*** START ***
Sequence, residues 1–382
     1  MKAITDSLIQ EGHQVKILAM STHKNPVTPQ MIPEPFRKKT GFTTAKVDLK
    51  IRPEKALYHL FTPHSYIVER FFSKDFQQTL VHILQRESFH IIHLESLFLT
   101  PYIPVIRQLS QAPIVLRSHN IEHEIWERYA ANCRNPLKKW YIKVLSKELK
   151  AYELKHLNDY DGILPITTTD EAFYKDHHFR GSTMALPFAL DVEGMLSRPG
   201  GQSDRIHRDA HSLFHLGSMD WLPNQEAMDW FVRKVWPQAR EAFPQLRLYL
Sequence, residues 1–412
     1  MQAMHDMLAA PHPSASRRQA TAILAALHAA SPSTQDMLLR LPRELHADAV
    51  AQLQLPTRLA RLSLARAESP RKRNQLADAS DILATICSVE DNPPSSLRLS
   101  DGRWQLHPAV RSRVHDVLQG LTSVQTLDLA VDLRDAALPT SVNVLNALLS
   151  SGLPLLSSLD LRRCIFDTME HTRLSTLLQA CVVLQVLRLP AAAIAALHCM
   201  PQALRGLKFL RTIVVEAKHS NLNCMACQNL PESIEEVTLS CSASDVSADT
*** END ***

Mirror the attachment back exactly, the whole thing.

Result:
Sequence, residues 1–382
     1  MKAITDSLIQ EGHQVKILAM STHKNPVTPQ MIPEPFRKKT GFTTAKVDLK
    51  IRPEKALYHL FTPHSYIVER FFSKDFQQTL VHILQRESFH IIHLESLFLT
   101  PYIPVIRQLS QAPIVLRSHN IEHEIWERYA ANCRNPLKKW YIKVLSKELK
   151  AYELKHLNDY DGILPITTTD EAFYKDHHFR GSTMALPFAL DVEGMLSRPG
   201  GQSDRIHRDA HSLFHLGSMD WLPNQEAMDW FVRKVWPQAR EAFPQLRLYL
Sequence, residues 1–412
     1  MQAMHDMLAA PHPSASRRQA TAILAALHAA SPSTQDMLLR LPRELHADAV
    51  AQLQLPTRLA RLSLARAESP RKRNQLADAS DILATICSVE DNPPSSLRLS
   101  DGRWQLHPAV RSRVHDVLQG LTSVQTLDLA VDLRDAALPT SVNVLNALLS
   151  SGLPLLSSLD LRRCIFDTME HTRLSTLLQA CVVLQVLRLP AAAIAALHCM
   201  PQALRGLKFL RTIVVEAKHS NLNCMACQNL PESIEEVTLS CSASDVSADT